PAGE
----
If one were to describe the Karachi-born Dubai-based singer Schumaila Rehmat Hussain using one word, it would be ‘brave’; brave enough for stepping out into the music industry with a flair not only for singing but for composing as well, something very few women from our society have tried their hands at. The valiance is elegantly balanced by a calmness that characterizes Hussain as a person, also seeping into her songs, which thereby come forward as soft and soothing.
Hussain was born in Karachi and shifted to Islamabad at the age of four. After attending art school and spending a major portion of her life in the capital city, Hussain went to Dubai and got settled there to work on her craft and entice a group of nostalgia-stricken admirers of symphonized Urdu poetry who now love to listen to her. Minute Mirror got in touch with the sensitive singer, meticulous composer, and poetry admirer to ask a few questions.
When and why did you shift to Dubai?
I shifted to Dubai when I got married, but it also had a lot to do with art not being appreciated much in Pakistan in the late 90s and early 2000s. People focused less on your content and more on what you were wearing. As an artist, that conservatism was both discouraging and suffocating. In Dubai, I found that sense of security I had always yearned for; a space to know myself as a musician without bothering about what people think of my physical appearance. Having said that, I love my country and I do miss Pakistan a lot.
In which year did you professionally start your career?
A certain circle did know for me for quite long as a music artist. However, it was in 2010 that I officially released my first song.
In what way was it professional? Was it for some television or film project?
No, it wasn’t for television or film, but a single the kind we release on the internet these days. It was my first composition, in which a composer friend also had a part to play. We arranged it together and shot a proper video for it as well.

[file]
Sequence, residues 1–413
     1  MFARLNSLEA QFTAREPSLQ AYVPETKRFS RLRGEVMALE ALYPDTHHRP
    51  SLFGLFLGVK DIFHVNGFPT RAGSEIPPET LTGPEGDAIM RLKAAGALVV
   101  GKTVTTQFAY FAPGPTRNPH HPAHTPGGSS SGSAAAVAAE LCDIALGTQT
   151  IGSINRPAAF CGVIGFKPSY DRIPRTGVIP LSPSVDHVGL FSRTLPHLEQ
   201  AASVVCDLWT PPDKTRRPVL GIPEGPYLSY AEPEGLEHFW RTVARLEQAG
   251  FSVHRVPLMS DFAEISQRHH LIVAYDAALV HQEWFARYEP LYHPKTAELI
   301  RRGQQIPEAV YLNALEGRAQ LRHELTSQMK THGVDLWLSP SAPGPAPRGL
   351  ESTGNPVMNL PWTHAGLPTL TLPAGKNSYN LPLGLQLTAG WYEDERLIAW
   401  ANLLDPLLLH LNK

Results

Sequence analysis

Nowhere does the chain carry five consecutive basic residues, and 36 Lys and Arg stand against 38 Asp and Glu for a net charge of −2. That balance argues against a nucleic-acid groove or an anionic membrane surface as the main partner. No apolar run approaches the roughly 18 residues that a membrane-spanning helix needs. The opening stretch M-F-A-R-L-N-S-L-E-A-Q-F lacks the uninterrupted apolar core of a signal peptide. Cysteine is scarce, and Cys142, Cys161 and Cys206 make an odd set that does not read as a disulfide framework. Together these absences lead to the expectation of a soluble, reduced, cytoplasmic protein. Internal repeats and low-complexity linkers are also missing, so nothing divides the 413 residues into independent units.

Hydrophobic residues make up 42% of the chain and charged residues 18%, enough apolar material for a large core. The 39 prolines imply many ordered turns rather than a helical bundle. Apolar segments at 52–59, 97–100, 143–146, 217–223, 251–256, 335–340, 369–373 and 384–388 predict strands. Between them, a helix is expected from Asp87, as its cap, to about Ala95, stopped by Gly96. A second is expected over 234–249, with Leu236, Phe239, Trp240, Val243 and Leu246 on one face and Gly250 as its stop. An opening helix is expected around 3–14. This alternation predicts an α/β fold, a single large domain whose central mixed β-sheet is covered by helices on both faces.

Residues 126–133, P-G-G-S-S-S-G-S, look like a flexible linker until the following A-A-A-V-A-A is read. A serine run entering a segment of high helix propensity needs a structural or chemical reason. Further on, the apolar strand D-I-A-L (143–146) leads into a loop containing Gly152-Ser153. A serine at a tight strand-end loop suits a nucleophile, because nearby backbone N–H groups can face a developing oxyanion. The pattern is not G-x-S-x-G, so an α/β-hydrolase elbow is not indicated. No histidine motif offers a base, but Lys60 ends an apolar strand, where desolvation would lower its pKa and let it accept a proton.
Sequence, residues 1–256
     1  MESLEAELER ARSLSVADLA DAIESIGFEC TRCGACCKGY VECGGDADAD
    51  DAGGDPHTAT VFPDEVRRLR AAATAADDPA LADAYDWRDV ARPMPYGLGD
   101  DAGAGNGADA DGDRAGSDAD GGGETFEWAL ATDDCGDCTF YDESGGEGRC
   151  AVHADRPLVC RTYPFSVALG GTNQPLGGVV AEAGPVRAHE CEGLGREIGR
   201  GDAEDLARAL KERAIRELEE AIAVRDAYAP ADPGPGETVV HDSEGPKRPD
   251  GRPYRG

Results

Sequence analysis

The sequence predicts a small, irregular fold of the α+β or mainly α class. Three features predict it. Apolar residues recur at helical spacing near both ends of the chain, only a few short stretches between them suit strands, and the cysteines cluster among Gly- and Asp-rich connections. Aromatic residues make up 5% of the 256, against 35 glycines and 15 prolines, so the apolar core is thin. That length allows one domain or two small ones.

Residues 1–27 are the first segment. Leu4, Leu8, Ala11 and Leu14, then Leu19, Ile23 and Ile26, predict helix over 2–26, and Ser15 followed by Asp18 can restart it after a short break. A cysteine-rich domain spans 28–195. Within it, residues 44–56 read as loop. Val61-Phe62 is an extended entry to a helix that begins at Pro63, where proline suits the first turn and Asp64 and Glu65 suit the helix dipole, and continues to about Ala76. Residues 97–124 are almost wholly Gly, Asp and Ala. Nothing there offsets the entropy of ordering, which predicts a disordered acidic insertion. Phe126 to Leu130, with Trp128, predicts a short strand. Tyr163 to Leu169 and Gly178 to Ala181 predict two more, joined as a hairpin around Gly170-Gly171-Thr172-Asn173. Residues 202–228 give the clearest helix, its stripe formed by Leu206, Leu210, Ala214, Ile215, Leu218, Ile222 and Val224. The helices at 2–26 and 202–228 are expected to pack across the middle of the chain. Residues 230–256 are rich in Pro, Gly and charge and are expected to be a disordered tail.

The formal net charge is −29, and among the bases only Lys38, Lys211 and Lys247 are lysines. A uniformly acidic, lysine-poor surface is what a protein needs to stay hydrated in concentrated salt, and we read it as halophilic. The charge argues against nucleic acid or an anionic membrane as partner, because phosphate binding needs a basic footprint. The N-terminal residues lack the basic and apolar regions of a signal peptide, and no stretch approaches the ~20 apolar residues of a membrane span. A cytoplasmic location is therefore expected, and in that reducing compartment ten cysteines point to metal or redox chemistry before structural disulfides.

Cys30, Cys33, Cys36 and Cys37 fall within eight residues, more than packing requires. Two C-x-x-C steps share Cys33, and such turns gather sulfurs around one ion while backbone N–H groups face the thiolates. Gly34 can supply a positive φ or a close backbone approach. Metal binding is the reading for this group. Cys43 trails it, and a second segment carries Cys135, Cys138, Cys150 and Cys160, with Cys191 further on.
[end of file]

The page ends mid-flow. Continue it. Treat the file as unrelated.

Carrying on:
How was the response?
To be honest, the response was very good and I could have become commercially popular had I continued to produce songs in that genre. But, I was personally not satisfied with that kind of music. It was after having made that song that I had this moment of enlightenment, which told me that this is not what my real calling is, and I need to probe into my personality more to dig out what synchronizes with my disposition.
Was it at this point that you decided to shift towards classic Urdu poetry?
Well, I think I inherited a liking for poetry, for Faiz Ahmed Faiz was a very good friend of my father and he would visit our place often. The literary environment was very much there from my early childhood. In fact, it was Mirza Ghalib that I composed first, before I switched my focus towards Jaun Elia. It was for Sarmad Khoosat’s film Manto that I composed a few couplets by the great poet.
You have composed a lot of Jaun Elia’s work. Have you ever thought of making songs out of the poetry of some of our wonderful female poets such as Parveen Shakir, Fehmida Riaz, Noshi Gilani and Zehra Nigah?
I never categorize artists in accordance with their genders or birthplaces. Art, I believe, cuts across borders, physical and metaphysical. Therefore, I would never go for female poets merely for the reason that they belong to a different gender. All of them are respectable to me because their art is what inspires me. And yes, I would love to compose Parveen Shakir. Having said that, there are so many incredibly amazing poets out there that you cannot cover all of them even if you wish to. Composing poetry is easier said than done. First, a poet has to touch your heart. Secondly, you need to read a lot of that poet over and over again to understand his or her thought process. It is only then that you can do justice to the poet’s work. A systematic study, starting from the initial days of the poet’s career to the end is also required in order to understand the personality transition that went into making the poet’s work what it is.
In Pakistan, we may have a lot of inspirational female singers, but when it comes to music composition, we rarely come across names of women. Is it because of this dearth of women music producers that you took up composition?
When I started, I had no such thing in mind that I am here to fill a void. I was just following my dream to become a great musician. At times, I also wanted others to compose for me, but when that didn’t happen, I took up the entire responsibility myself. I would regularly listen to all the great music composers out there, such as Usha Khanna, R.D. Burman, Wazir Afzal and Vishal Bhardwaj. I also had to take care of the fact that my work doesn’t reflect the style of these people. While I had to listen to greats like these to learn, I also had to keep searching for my own voice as a musician.